Some of the individuals didn’t even notice they’d been robbed or that their cars had been broken into.
Others would later find their stolen cars abandoned.
Now, time is nearing for a group of six teenagers who police say stole multiple vehicles and who reportedly admitted to breaking into about 100 others over a period of at least two months to face the justice system.
The Whitfield County Sheriff’s Office arrested the six teens in mid-September after department officials said they admitted to breaking into cars at Walnut Square Mall and neighborhoods throughout the county, as well as stealing several vehicles.
Only one of the six —17-year-old John Parrish of Roberts Circle in Dalton — was publicly named. The other five — three 14-year-olds, a 15-year-old and a 16-year-old — were charged as juveniles.
District Attorney Bert Poston said the younger defendants’ cases will remain in Juvenile Court as there are no plans to try them as adults. Parrish’s case is tentatively scheduled to go before a grand jury later this month where a panel will decide whether to indict him. A woman who said she is Parrish’s mother on Friday declined to discuss the case except to say that her son is in a youth detention center.
Parrish was charged with three counts of theft by taking an automobile, two counts of second-degree burglary and criminal trespass. Sheriff’s Office Lt. Nancy Chadwick described the group of teens as a theft ring. Not all participated in each of the alleged crimes for the 14 incidents the department documented.
“The charges were one burglary in the first degree, seven auto thefts, two theft by taking misdemeanors, five burglaries in the second degree and one criminal trespass,” Chadwick said.
Exactly how much the teens are accused of stealing over the summer isn’t known. Dalton Police Department spokesman Bruce Frazier said the teens admitted to breaking into at least 100 vehicles, some of which were inside the city limits, but investigators were never able to match all of those alleged break-ins back to reported cases.
“They were checking unlocked cars and taking, in most cases, change or things that wouldn’t be noticed until much, much later,” Frazier said, “so we weren’t even able to confirm what actually happened.”
The police department did get involved when the group allegedly stole three cars. All those vehicles were eventually recovered, Frazier said, apparently after the suspected thieves tired of their joy rides or the vehicles got stuck somehow.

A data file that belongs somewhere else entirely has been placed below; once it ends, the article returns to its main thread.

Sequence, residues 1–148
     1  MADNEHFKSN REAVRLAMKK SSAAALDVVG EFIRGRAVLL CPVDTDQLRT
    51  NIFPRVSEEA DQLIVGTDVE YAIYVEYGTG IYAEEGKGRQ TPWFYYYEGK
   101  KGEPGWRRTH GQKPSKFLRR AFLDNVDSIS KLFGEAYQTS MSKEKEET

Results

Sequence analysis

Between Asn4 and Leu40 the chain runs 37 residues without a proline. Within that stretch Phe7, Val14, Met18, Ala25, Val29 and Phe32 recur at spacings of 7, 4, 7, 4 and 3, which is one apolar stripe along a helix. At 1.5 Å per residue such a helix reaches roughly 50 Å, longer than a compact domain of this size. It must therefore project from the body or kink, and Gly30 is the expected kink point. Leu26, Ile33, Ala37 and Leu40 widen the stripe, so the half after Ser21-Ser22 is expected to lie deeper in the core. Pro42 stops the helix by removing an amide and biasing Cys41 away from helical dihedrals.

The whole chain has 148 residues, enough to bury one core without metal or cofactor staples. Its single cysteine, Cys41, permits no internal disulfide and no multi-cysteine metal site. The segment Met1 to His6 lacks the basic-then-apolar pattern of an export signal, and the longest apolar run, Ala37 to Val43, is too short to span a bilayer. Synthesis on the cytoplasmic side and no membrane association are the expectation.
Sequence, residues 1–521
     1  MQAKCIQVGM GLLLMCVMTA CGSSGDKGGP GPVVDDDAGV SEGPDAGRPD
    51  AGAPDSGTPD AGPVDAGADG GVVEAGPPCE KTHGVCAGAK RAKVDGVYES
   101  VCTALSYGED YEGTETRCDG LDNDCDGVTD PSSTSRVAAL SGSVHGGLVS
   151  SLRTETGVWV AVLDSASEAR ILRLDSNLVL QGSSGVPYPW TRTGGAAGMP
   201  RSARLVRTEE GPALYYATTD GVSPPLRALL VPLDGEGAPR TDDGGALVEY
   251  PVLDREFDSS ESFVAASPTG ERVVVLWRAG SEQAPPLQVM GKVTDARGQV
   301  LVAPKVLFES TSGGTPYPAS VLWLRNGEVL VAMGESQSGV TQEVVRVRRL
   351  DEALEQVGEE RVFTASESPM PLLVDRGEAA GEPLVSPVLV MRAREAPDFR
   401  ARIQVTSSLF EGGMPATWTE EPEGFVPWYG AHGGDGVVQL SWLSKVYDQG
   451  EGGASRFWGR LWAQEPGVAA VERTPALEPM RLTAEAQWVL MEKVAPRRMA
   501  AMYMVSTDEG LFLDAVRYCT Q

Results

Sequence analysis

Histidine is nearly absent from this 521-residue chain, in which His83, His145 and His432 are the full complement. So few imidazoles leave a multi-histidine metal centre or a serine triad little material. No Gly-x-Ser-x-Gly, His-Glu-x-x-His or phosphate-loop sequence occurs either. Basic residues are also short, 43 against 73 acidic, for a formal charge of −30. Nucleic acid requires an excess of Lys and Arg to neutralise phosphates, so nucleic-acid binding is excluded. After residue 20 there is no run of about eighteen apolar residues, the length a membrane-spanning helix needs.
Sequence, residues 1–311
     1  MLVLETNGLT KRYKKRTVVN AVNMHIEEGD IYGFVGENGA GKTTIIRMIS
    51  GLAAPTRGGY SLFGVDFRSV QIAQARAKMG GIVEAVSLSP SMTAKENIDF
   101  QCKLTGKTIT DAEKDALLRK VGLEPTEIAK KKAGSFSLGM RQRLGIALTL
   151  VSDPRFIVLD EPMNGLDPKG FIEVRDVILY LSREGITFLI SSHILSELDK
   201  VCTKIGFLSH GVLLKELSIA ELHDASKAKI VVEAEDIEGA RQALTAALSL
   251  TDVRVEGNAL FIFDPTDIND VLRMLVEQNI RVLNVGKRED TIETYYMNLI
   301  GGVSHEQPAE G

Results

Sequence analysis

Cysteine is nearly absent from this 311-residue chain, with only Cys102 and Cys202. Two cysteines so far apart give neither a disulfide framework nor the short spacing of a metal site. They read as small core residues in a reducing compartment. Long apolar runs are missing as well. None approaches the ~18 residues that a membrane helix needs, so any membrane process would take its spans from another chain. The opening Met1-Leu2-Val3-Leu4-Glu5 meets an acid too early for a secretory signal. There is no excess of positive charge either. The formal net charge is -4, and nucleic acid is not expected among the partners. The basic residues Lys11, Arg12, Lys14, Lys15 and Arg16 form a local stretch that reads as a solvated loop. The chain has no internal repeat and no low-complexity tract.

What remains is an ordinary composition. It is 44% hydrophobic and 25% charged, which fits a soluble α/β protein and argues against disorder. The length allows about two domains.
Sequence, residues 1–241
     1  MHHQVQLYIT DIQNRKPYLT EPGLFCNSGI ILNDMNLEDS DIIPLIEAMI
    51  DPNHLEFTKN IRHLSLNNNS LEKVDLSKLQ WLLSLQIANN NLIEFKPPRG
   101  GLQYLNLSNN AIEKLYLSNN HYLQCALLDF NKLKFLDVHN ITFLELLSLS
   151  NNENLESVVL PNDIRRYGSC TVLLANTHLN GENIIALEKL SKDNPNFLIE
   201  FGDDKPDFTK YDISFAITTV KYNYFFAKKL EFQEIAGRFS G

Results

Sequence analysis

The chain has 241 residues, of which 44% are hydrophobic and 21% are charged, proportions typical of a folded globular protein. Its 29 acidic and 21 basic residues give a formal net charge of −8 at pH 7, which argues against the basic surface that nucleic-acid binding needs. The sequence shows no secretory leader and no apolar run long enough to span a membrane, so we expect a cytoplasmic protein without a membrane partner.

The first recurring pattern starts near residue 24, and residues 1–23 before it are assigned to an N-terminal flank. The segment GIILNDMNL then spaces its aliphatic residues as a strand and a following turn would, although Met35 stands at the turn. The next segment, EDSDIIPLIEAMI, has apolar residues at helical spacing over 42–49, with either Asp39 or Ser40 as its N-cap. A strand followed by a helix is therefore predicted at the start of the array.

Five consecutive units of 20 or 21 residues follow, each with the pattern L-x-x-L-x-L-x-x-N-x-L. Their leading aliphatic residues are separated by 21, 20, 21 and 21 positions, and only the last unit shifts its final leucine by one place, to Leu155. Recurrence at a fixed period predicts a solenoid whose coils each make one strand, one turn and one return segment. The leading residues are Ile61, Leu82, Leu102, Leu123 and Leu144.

Incident reports from those instances and from the sheriff’s office show many of the break-ins were from easy targets. Often the vehicles were unlocked, sometimes even with keys in sight.
Conasauga Circuit Juvenile Court Administrator Robbie Walka said state law and rules of the court prohibit her from discussing the cases of the juveniles allegedly involved in the theft ring, but she did go into some detail on what consequences, in general, teens who commit crimes can face.
In Juvenile Court, those facing allegations technically aren’t ever “found guilty,” Walka said. Instead, they’re “adjudicated delinquent” if the court determines the youth committed a crime. For practical purposes, it may be the same, but the guilty youth won’t have to face a lifetime of consequences of, for example, having to circle “yes” on job applications that ask if they’ve ever been found guilty of a crime.
Walka said there are several factors that play into the consequences a juvenile might face for committing a theft, including whether they’ve been adjudicated delinquent before, how many thefts they committed and how much they took. At any rate, she said, the focus of Juvenile Court is rehabilitation rather than punishment. Consequences for committing crimes can include court-ordered counseling, making restitution, written apologies, community service, up to five years in a juvenile detention center and the parents losing custody of the child or other actions.
“A kid has to do something extremely serious” to face confinement, she said. Theft alone, Walka said, probably wouldn’t send a child to detention, although every case is different.
Because Parrish is an adult, the outcome of his case will be part of the public record. Whatever happens to the younger five teens, because of privacy restrictions written into state law, it’s unlikely members of the general public will ever know the outcome.